The ultraviolet index or UV Index is an international standard measurement of the strength of sunburn-producing ultraviolet (UV) radiation at a particular place and time. The scale was developed by Canadian scientists in 1992, and then adopted and standardized by the UN's World Health Organization and World Meteorological Organization in 1994. It is primarily used in daily forecasts aimed at the general public, and is increasingly available as an hourly forecast as well.
The UV Index is designed as an open-ended linear scale, directly proportional to the intensity of UV radiation that causes sunburn on human skin. For example, if a light-skinned individual (without sunscreen) begins to sunburn in 30 minutes at UV Index 6, then that individual should expect to sunburn in about 15 minutes at UV Index 12 – twice the UV, twice as fast.
The purpose of the UV Index is to help people effectively protect themselves from UV radiation, which has health benefits in moderation but in excess causes sunburn, skin aging, DNA damage, skin cancer, immunosuppression, and eye damage such as cataracts (see the section Human health-related effects of ultraviolet radiation). Public health organizations recommend that people protect themselves (for example, by applying sunscreen to the skin and wearing a hat and sunglasses) if they spend substantial time outdoors when the UV Index is 3 or higher; see the table below for more detailed recommendations.
The UV Index is a linear scale, with higher values representing a greater risk of sunburn (which is correlated with other health risks) due to UV exposure. An index of 0 corresponds to zero UV radiation, as is essentially the case at night. An index of 10 corresponds roughly to midday summer sunlight with a clear sky when the UV Index was originally designed; now summertime index values in the tens are common for tropical latitudes, mountainous altitudes, and areas with above-average ozone layer depletion.
While the UV Index can be calculated from a direct measurement of the UV spectral power at a given location, as some inexpensive portable devices are able to approximate, the value given in weather reports is usually a prediction based on a computer model. Although this may be in error (especially when cloud conditions are unexpectedly heavy or light), it is usually within ±1 UV Index unit as that which would be measured.
When the UV Index is presented on a daily basis, it represents UV intensity around the sun's highest point in the day, called solar noon, halfway between sunrise and sunset. This typically occurs between 11:30 and 12:30, or between 12:30 and 13:30 in areas where daylight saving time is being observed. Predictions are made by a computer model that accounts for the effects of sun elevation and distance, stratospheric ozone, cloud conditions, air pollutants, surface albedo, and ground altitude, all of which influence the amount of UV radiation at the surface. The calculations are weighted in favor of the UV wavelengths to which human skin is most sensitive, according to the CIE-standard McKinlay-Diffey erythemal action spectrum. The resulting UV Index cannot be expressed in pure physical units, but is a good indicator of likely sunburn damage.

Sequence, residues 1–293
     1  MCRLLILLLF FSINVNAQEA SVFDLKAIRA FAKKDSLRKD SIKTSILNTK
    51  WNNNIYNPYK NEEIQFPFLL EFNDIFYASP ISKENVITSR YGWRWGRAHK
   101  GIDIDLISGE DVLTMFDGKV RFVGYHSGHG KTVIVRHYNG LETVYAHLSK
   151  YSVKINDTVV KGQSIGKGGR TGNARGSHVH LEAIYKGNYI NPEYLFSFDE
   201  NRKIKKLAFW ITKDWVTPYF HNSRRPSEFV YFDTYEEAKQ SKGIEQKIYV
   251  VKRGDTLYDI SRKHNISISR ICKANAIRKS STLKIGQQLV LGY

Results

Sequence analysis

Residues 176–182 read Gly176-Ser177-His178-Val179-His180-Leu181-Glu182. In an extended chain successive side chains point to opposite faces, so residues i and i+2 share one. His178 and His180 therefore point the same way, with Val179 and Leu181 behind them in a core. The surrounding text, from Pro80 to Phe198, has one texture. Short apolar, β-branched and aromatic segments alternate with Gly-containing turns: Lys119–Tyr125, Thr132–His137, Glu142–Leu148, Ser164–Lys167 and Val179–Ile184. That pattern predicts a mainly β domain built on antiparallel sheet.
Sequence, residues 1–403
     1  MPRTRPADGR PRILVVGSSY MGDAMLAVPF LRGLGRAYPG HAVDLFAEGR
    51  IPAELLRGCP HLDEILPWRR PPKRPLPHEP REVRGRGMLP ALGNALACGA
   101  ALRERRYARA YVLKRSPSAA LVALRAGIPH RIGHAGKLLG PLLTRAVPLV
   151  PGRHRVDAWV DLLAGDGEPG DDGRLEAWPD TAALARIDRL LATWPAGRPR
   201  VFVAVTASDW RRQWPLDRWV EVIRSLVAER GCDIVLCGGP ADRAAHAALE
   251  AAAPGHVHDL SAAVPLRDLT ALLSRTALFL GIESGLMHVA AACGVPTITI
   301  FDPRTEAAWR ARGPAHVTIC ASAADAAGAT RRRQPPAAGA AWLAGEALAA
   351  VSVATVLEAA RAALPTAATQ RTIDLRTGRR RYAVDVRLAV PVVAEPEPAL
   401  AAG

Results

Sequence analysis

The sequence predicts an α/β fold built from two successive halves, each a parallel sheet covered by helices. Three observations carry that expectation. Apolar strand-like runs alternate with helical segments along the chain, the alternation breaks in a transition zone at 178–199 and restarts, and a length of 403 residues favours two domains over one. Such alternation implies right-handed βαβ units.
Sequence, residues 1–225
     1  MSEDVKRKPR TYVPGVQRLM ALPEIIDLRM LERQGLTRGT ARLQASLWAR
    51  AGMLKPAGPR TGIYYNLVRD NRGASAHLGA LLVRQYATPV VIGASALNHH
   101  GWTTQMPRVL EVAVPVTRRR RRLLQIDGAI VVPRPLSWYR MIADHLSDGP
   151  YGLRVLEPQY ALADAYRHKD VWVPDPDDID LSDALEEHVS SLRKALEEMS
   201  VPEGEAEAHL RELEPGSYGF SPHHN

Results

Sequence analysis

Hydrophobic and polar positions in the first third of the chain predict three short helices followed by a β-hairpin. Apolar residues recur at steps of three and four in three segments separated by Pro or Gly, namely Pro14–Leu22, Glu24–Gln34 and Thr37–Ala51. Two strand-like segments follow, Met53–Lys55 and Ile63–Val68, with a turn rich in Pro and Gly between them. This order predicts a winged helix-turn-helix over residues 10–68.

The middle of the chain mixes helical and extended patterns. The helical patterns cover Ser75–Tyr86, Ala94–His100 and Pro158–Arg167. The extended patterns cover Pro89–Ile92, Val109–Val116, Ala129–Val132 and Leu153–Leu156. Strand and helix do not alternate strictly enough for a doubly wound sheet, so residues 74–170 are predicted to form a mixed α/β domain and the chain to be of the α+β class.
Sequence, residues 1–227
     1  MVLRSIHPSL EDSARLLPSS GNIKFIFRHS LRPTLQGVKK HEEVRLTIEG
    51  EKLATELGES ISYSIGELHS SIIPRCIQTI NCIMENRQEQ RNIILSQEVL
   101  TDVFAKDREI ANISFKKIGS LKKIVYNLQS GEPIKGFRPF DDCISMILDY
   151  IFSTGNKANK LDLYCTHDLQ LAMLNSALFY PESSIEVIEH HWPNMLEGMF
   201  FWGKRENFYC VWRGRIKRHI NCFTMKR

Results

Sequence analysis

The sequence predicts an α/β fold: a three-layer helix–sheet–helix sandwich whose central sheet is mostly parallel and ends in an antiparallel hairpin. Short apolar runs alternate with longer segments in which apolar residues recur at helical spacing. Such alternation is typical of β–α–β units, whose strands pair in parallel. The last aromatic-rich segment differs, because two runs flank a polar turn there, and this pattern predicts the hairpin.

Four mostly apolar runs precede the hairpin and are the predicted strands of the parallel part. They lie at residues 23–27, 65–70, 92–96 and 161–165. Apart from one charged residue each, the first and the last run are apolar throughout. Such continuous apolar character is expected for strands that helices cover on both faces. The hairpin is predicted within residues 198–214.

Because the index scale is linear (and not logarithmic, as is often the case when measuring things such as brightness or sound level), it is reasonable to assume that one hour of exposure at index 5 is approximately equivalent to a half-hour at index 10.
The UV Index is a number linearly related to the intensity of sunburn-producing UV radiation at a given point on the earth's surface. It cannot be simply related to the irradiance (measured in W/m2) because the UV of greatest concern occupies a spectrum of wavelength from 295 to 325 nm, and shorter wavelengths have already been absorbed a great deal when they arrive at the earth's surface. Skin damage from sunburn, however, is related to wavelength, the shorter wavelengths being much more damaging. The UV power spectrum (expressed as watts per square metre per nanometre of wavelength) is therefore multiplied by a weighting curve known as the erythemal action spectrum, and the result integrated over the whole spectrum. This gave Canadian scientists a weighted figure (sometimes called Diffey-weighted UV irradiance, or DUV, or erythemal dose rate) typically around 250 mW/m2 in midday summer sunlight. So, they arbitrarily divided by 25 mW/m2 to generate a convenient index value, essentially a scale of 0 to 11+ (though ozone depletion is now resulting in higher values, as mentioned above).
To illustrate the spectrum weighting principle, the incident power density in midday summer sunlight is typically 0.6 mW/(nm m2) at 295 nm, 74 mW/(nm m2) at 305 nm, and 478 mW/(nm m2) at 325 nm. (Note the huge absorption that has already taken place in the atmosphere at short wavelengths.) The erythemal weighting factors applied to these figures are 1.0, 0.22, and 0.003 respectively. (Also note the huge increase in sunburn damage caused by the shorter wavelengths; e.g., for the same irradiance, 305 nm is 22% as damaging as 295 nm, and 325 nm is 0.3% as damaging as 295 nm.) Integration of these values using all the intermediate weightings over the full spectral range of 290 nm to 400 nm produces a figure of 264 mW/m2 (the DUV), which is then divided by 25 mW/m2 to give a UV Index of 10.6.